Virginia State Corporation Commission
Richmond, VA, January 4, 2021

Good afternoon and welcome to the Shannon Courtroom of the Virginia State Corporation Commission. My colleagues Judy Jagdmann and Jehmal Hudson have graciously agreed to have this event here, and I thank them.

Because of the COVID pandemic we’ve all been mostly working at home for the past 9 months and we don’t see each other. So the other day I was down on the ground floor going through our temperature check station and ran into one of our building maintenance employees who I had not seen in months, and he said, “Judge Christie, are you still here? I thought you went to some federal agency last summer.”

His comment reminded me of one of those great country music lines,

“How can I miss you when you won’t go away?”

Well, today, I am going away from this wonderful place called the Virginia State Corporation Commission. And so this is a bittersweet day. After 17 years I just entered this courtroom as an SCC commissioner for the last time.

Earlier today I signed my last order at the SCC. We do about 1000 orders a year here, since in addition to utilities, we also regulate insurance, banking and securities, among others. So that’s about 17,000 orders since I was first sworn in back in 2004.

And in those 17,000 orders I only dissented two times, and both on the same issue (in case you’re wondering, the issue was whether a utility should be allowed to recover from customers the costs of its charitable contributions. I had a one-word answer and a two-word answer, with the one-word answer being “no.” I said that giving away other people’s money is not altruism.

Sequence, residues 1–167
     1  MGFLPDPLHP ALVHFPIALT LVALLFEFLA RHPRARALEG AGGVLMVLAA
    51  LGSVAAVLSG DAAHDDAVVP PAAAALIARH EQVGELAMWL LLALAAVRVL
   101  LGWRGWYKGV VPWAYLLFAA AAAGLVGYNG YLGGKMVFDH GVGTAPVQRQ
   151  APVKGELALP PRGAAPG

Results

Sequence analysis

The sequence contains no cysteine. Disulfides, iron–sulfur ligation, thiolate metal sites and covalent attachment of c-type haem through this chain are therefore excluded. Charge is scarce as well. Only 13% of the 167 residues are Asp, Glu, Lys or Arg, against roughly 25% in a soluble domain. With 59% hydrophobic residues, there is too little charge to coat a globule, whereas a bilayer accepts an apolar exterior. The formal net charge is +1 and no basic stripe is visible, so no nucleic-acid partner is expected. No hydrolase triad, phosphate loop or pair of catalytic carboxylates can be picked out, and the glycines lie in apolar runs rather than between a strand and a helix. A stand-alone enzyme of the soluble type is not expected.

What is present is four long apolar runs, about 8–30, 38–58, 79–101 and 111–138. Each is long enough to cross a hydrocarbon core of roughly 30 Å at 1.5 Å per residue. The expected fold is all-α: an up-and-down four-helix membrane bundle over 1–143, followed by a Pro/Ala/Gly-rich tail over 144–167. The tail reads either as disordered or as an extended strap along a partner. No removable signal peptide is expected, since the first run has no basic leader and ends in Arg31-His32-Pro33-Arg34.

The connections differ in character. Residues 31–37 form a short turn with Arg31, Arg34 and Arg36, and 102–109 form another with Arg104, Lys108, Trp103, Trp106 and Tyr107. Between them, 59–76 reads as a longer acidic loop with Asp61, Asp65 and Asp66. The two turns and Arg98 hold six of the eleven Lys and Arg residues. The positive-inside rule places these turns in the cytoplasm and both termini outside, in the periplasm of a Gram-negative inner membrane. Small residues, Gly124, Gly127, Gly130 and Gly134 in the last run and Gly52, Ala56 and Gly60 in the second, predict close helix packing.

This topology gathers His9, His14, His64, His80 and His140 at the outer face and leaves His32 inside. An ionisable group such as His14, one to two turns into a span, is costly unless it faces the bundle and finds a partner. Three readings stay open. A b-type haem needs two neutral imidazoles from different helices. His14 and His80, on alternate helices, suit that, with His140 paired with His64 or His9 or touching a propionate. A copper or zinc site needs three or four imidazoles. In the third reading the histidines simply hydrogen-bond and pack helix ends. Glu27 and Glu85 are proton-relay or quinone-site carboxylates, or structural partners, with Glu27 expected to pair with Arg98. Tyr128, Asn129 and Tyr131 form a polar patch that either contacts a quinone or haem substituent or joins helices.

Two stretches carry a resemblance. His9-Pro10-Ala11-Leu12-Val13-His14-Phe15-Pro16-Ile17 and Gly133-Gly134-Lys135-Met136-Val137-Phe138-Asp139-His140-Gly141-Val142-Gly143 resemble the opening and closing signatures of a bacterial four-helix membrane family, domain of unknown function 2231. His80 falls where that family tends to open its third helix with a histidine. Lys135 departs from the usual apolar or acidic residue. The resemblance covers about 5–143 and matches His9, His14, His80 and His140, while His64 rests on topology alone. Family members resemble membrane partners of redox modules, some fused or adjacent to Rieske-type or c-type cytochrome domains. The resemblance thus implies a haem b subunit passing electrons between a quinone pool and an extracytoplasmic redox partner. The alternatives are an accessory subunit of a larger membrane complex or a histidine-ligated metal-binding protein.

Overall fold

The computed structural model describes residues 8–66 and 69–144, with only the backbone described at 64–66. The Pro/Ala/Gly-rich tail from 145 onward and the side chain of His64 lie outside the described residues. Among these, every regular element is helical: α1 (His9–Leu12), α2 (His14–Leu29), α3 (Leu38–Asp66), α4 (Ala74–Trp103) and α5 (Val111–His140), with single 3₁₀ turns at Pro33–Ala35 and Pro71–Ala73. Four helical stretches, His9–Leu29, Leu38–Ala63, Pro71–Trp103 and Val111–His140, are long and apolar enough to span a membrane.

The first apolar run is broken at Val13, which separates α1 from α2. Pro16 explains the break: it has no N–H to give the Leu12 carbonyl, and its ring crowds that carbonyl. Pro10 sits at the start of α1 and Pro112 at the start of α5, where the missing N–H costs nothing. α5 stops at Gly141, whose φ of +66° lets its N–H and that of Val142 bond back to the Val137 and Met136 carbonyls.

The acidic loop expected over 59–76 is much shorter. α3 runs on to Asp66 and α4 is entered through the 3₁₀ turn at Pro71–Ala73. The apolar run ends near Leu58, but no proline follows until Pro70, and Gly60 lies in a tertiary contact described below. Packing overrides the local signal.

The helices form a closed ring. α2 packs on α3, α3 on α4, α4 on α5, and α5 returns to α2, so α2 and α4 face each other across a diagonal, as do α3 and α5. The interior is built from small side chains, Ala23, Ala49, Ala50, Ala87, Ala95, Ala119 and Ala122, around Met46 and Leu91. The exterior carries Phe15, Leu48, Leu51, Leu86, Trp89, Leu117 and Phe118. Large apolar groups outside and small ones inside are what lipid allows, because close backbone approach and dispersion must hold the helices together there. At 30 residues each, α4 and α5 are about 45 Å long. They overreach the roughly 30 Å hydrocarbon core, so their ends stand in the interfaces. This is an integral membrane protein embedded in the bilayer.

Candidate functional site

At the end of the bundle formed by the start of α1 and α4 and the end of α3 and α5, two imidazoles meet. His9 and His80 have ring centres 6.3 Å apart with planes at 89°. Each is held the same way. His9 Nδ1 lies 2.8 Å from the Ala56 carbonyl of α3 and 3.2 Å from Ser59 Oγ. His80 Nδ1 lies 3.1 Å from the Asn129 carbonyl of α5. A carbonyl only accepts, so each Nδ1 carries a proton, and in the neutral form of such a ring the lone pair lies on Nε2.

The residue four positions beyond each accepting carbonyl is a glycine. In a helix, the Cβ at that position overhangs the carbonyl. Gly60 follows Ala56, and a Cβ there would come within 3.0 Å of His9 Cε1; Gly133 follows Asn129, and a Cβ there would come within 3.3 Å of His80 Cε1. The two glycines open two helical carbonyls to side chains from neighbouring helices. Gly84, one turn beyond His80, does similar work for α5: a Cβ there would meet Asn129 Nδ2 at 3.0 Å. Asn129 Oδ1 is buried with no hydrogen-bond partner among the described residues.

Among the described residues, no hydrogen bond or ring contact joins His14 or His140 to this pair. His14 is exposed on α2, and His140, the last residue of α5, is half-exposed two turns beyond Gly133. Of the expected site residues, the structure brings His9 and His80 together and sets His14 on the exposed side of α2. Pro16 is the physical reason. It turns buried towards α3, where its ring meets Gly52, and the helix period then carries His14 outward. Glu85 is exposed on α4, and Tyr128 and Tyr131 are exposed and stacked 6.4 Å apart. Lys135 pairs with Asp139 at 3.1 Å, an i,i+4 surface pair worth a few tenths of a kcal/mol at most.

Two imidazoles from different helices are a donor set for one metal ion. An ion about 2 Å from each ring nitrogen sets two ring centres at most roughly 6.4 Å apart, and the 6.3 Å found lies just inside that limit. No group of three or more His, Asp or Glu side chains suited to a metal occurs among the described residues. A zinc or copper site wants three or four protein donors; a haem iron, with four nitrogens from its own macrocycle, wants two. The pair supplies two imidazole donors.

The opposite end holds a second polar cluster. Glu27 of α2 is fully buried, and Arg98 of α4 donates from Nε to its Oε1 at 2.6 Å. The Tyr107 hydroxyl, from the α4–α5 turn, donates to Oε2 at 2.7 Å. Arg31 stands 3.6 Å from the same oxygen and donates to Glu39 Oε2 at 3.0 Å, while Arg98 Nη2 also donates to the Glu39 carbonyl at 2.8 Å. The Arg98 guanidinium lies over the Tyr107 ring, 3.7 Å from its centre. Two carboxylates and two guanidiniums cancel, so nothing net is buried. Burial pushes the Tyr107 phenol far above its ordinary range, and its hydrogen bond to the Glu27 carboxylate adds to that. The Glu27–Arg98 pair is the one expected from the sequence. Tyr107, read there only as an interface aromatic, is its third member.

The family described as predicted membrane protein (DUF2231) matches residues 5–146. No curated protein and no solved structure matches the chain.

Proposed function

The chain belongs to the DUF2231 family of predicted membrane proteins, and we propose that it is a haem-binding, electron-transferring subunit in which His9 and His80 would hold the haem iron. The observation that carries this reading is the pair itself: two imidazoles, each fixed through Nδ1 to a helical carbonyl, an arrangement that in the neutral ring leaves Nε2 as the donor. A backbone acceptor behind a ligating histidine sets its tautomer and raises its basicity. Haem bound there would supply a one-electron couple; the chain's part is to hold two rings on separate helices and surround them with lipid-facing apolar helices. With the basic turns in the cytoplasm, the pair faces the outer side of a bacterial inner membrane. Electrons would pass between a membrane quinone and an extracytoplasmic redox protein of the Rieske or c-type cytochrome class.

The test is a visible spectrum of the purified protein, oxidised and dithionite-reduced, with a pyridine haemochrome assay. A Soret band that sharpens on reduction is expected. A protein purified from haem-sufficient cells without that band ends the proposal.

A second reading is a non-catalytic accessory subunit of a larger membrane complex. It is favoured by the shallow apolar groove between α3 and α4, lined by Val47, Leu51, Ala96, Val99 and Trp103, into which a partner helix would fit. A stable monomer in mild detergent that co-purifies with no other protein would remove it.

That record really is testimony to the great colleagues I have served with, each one of whom came from different political backgrounds, each one of whom was committed to defending the public interest and had strong opinions, but each one of whom recognized that the SCC must follow the law and not try to impose our own political or policy agendas:

  • When I arrived in 2004, my colleagues were Ted Morrison and Clint Miller, both former members of the General Assembly, each from a different party.
  • And then Judy Jagdmann came on in 2006, and we’ve served together for 15 years, longer than most couples stay married.
  • Then Jimmy Dimitri came on in 2008, appointed by a Democratic governor, now Senator, Tim Kaine. No one was more dedicated to defending consumers than Jimmy.
  • And then Patricia West, a friend who was a pleasure to serve with.
  • And since last summer, Jehmal Hudson, and let me just say, if you’re watching from FERC you know and worked with Jehmal and we’re very grateful for his appointment. Jehmal was sworn in right here in this courtroom last July and a couple weeks later in July, I was appointed to FERC. So somebody said that FERC and the SCC were trading players just like baseball teams in the off-season. That trade has already worked out great for Virginia; hopefully it will for FERC as well.

Before continuing, let me thank a few people.

First, my wife Anita. We’ll celebrate our 20th anniversary this coming spring. I said at my Senate hearing that she is my best friend and life partner in all ways. What I did not say is that Anita is not a lawyer – and I very much am (in fact, somebody I worked with once joked that I gave a ring of truth to every lawyer joke ever told… I think he was joking.) But for you non-lawyers who have to live with lawyers, you know what it’s like when even a discussion on what to have for dinner turns into a deposition --- and Anita has put up with that.